Grant Award Details

In Vivo Imaging for the Detection and Quantitation of Transplanted Stem/Progenitor Cells in Nonhuman Primates
Grant Number: 
RT1-01019
Investigator: 
Type: 
PI
Human Stem Cell Use: 
Adult Stem Cell
Award Value: 
$799,350
Status: 
Closed

Progress Reports

Reporting Period: 
Year 1
Reporting Period: 
Year 2
Reporting Period: 
NCE

Grant Application Details

Application Title: 
  • In Vivo Imaging for the Detection and Quantitation of Transplanted Stem/Progenitor Cells in Nonhuman Primates
Public Abstract: 

Stem cells hold great potential for treating a variety of human diseases, but more information is needed on how they will function once administered to patients for regenerative medicine purposes. If imaging techniques can be developed that allow the monitoring of these transplanted stem and progenitor cells over time once injected into the body, this would provide a very powerful tool to determine the fate of the cells. This proposal specifically addresses new ways to optimize the use of positron emission tomography (PET), an imaging technology currently used in the human clinical setting, for this purpose. PET is an imaging technique that produces a three-dimensional image by detection of a tracer or label that has been introduced into the body. In these studies we plan to optimize these imaging techniques when a special tag or label is attached to individual stem and progenitor cells, and address the sensitivity of the scanner for their detection. An important goal is to improve the ability to detect the small quantities of cells that may be used, and ensure that the images obtained can accurately identify the number of cells at any given location. Several factors limit the ability to detect the cells reliably in current PET scanners. These limitations include an inherent background signal which alters the ability to accurately identify the cells injected. In addition, processing of the information obtained by the PET imaging system has not been optimized for monitoring transplanted cells where the cell quantity may be very small and the tag or label used to find the cells may be difficult to detect. Further, the methods used to place the tag or label on the cells needs to balance the requirements for obtaining good imaging information without damaging the cells or altering their capabilities in the labeling process. Our plan is to investigate these crucial issues and current roadblocks in the context of stem cell imaging with the goal of substantially advancing the imaging field for stem cell therapies. We will use model systems to ensure that the techniques and applications developed and proposed for human use are safe and do not cause harm to patients of all age groups. These studies will focus on optimizing PET imaging techniques for cell quantification and identification, and develop and refine new ways to monitor cells, including those differentiated from human embryonic stem cells, for short and extended periods of time.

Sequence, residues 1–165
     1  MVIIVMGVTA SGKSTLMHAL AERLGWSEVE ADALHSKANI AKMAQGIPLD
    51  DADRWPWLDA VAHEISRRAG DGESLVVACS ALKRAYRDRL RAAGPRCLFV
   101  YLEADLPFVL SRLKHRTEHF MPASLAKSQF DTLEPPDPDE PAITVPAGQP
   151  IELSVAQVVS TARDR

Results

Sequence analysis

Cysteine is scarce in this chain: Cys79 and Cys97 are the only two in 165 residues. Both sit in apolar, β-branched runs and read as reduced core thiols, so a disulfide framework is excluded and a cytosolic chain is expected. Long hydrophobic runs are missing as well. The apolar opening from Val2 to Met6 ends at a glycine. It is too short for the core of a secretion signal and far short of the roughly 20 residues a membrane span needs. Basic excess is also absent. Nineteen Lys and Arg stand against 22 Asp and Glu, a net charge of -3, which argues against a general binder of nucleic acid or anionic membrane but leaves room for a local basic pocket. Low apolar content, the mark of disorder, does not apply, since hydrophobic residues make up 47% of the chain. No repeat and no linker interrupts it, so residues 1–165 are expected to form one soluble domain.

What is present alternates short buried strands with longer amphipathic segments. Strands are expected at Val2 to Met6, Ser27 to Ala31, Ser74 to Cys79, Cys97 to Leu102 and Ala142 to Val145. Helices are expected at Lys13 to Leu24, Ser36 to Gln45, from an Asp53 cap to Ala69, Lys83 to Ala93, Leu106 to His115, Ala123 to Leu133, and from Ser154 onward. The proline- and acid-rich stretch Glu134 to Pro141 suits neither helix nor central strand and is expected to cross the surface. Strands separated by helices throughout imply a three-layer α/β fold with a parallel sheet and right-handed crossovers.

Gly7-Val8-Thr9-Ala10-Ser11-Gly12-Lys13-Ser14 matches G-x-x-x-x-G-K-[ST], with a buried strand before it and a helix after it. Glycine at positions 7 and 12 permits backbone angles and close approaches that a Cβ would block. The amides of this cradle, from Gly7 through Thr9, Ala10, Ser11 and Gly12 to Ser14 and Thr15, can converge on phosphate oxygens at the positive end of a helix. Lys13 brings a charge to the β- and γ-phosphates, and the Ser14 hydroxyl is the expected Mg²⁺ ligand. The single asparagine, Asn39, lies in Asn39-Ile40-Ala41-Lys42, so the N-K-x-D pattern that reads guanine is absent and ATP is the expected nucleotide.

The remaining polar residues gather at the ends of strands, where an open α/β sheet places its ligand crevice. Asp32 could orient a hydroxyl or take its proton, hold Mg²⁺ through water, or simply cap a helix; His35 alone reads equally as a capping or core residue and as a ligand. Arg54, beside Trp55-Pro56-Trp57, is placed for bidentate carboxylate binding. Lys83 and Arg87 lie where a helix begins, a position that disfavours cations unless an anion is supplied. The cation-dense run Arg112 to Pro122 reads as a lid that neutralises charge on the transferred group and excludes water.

Statement of Benefit to California: 

This proposal meets the objective of CIRM RFA 08-02 by providing new ways to overcome current gaps and roadblocks for sensitive imaging methods that would allow the detection of stem and progenitor cells administered to patients for regenerative medicine purposes. These new tools and technologies will serve the State of California and its citizens by providing reliable techniques for any scientist or physician to assess their ideas and new cell transplant protocols before considering use in human patients. Once tested and shown to be effective, these same imaging techniques can then be used in human patients. While stem cells, particularly human embryonic stem cells, have tremendous potential for treating a variety of human diseases, many questions remain about their safety and outcome once they are used. If imaging techniques can be developed that allows the monitoring of the cells over time, this would provide a very powerful tool to determine the fate of the cells after injection into patients. The results of these studies will fill a critical need and substantially advance the regenerative medicine field for a host of human diseases for which there are currently few therapeutic options.